CSU professor studies why women struggle in election

Ravyn Cullor

A Colorado State University professor of communication studies has been studying why a woman has never been elected president. In fact, she wrote the book on it.

Karrin Vasby Anderson has published two books and a number of articles exploring the divide between female politicians and the oval office. Her most recent book, “Woman President; Confronting Postfeminist Political Culture,” which she co-authored with Kristina Horn Sheeler, responded to a notionthat the United States is waiting for the right woman to run.


“We did a review of the literature and found that there were a lot of books out there saying that women candidates needed to behave themselves differently,” Vasby Anderson said. “The problem is that we have a culture which is inhospitable to women candidates. That the culture is what needs to change, not the candidates.”

Vasby Anderson said the problem female candidates face is called the double bind. In other words, if a woman appears to be a credible political leader, they are viewed as unappealing and masculine. If a woman presents herself in a more traditionally feminine way she is dismissed as not credible or capable of the presidency.

Vasby Anderson started studying women in political communication while earning her master’s degree at CSU. She said a class in rhetorical criticism got her to analyze a speech on health care by then-First Lady Hillary Clinton. She went on to write her master’s thesis on Clinton’s health care reform rhetoric and wrote her doctoral dissertation on Clinton’s public identity and media framing at Indiana University.

After graduating with her Ph.D., Vasby Anderson returned to CSU as a facility member and expanded her area of research to “the notion of gender and the US Presidency.” She is currently studying the interaction of politics and popular culture and has published a volume with a handful of colleagues on the topic called “Women, Feminism, and Pop Politics: From ‘Bitch’ to ‘Badass’ and Beyond.”

Clinton’s loss in 2016 reaffirmed Vasby Anderson’s research, despite the fact that, at the time, she thought the US was about to have its first female president.

“What happened in 2016 was…a really forceful backlash against Hillary Clinton’s candidacy,” Vasby Anderson said. “It’s no surprise that the rejection of Hillary Clinton as a candidate also ushered in the Trump presidency; somebody who was more explicit about having very sexist, misogynistic attitudes towards women, particularly women who disagreed with him.”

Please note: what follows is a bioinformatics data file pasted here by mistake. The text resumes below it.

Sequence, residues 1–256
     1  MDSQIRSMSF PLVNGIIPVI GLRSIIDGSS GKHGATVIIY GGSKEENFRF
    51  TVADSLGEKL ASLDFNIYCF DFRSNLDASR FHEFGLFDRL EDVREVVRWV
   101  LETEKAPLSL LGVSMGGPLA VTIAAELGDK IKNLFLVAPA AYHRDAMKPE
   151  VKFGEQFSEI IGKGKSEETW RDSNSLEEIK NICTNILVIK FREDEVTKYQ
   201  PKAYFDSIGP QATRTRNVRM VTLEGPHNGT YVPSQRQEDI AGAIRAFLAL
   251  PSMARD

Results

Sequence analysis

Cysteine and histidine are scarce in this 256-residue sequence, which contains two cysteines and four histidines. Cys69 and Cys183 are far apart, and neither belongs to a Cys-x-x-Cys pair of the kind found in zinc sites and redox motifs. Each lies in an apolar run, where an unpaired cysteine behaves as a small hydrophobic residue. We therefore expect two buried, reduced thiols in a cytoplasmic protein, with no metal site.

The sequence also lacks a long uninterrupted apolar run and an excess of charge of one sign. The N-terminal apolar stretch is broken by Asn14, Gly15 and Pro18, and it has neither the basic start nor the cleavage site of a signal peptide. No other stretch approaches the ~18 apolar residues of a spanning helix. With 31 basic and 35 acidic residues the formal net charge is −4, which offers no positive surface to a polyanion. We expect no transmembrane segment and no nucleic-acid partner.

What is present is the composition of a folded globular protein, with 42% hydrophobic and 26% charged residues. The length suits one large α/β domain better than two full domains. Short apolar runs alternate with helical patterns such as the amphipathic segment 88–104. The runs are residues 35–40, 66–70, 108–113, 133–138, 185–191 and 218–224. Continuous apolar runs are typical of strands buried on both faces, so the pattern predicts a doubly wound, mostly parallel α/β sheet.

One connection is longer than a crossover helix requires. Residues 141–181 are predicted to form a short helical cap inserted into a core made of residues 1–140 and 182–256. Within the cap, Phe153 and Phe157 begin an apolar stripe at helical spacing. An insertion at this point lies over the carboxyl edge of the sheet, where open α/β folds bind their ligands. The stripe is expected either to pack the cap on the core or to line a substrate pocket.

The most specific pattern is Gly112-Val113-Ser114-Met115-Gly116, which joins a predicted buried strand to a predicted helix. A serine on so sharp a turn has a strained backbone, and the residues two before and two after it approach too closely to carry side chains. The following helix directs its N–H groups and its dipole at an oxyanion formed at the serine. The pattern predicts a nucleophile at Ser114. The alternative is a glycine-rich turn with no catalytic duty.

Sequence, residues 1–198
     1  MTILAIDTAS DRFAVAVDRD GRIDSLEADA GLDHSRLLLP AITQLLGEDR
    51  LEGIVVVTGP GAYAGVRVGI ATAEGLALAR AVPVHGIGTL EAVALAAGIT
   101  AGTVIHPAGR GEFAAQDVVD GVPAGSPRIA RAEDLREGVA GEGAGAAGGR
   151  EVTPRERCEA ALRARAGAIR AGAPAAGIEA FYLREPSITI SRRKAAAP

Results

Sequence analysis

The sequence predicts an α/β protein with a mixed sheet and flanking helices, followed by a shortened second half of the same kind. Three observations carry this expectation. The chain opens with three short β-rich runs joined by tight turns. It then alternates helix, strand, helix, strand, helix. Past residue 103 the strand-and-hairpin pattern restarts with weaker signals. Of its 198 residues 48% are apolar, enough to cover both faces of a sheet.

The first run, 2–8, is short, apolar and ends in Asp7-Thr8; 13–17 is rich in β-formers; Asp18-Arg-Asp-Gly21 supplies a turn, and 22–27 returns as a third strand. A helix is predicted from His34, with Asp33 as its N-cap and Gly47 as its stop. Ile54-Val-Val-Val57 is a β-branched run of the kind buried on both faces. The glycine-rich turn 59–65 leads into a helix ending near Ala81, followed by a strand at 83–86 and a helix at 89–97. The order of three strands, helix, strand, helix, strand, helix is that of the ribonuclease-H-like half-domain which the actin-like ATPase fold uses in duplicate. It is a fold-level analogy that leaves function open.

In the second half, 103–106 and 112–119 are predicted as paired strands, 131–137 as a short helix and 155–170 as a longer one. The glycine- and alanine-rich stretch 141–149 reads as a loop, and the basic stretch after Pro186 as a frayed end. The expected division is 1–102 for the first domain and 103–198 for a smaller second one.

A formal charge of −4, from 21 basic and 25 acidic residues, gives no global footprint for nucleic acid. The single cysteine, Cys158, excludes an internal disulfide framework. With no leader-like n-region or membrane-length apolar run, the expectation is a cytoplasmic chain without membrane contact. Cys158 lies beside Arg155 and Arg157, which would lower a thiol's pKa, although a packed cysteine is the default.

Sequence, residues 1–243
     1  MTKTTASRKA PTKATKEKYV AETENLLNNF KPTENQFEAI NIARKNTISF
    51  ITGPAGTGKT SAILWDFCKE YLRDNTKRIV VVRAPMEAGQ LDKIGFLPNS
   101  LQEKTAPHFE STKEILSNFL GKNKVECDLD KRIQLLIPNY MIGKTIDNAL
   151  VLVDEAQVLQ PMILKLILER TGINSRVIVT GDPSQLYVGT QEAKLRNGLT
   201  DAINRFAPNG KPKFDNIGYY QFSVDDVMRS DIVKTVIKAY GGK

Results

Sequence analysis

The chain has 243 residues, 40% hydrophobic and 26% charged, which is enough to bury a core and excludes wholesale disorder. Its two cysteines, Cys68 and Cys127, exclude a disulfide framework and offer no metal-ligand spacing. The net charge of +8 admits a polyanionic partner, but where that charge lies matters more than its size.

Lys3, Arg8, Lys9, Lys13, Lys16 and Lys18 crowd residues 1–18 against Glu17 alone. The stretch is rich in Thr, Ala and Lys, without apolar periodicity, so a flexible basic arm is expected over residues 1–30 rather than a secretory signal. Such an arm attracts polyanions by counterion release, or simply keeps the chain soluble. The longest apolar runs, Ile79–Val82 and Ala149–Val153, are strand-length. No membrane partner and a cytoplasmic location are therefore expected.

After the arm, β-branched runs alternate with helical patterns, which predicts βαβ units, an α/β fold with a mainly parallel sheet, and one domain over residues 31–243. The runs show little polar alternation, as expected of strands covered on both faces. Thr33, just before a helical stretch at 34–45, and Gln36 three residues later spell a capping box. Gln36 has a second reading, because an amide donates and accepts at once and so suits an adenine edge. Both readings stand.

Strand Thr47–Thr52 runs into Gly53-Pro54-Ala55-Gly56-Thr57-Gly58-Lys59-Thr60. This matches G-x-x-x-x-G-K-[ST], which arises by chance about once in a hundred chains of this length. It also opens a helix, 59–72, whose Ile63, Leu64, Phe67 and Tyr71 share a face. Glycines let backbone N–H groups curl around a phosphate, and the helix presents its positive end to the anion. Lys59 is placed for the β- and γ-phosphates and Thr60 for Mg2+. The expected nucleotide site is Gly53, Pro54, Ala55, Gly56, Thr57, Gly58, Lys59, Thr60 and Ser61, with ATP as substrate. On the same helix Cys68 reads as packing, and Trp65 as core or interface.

Vasby Anderson also pointed towards Elizabeth Dole, wife of famous conservative Bob Dole, and her bid to become the Republican presidential nominee in 1999. She said despite the fact Elizabeth Dole was heavily involved in conservative politics and was encouraged by her party to take a run at the presidency, she had a hard time raising money.

“That’s because even people who liked her in her party didn’t view her as a credible candidate,” Vasby Anderson said. “In her case, it wasn’t a misogynistic dislike of her. It was people who generally liked her,…but when she actually (ran) they didn’t see her as a potential contender.”

In order for individuals to combat the double bind, they have to access whether they dislike a woman as a candidate or based on sexist societal norms, Vasby Anderson said.

She pointed towards a strategy used during Clinton’s try for the Democratic nomination in 2008. Citizens United Not Timid, an organization set up by Republican strategists, printed shirts with the acronym for their group above the phrase, “showing the American public what Hillary Clinton really is.”


“If that’s how we are attacking women as leaders, that’s a clear expression of misogyny,” Vasby Anderson said. “When we respond to somebody in politics, (we should) ask ourselves ‘am I responding negatively to a policy disagreement or am I falling prey to stereotypical depictions?’”

Ravyn Cullor can be reached at news@collegian.com or on Twitter @RCullor99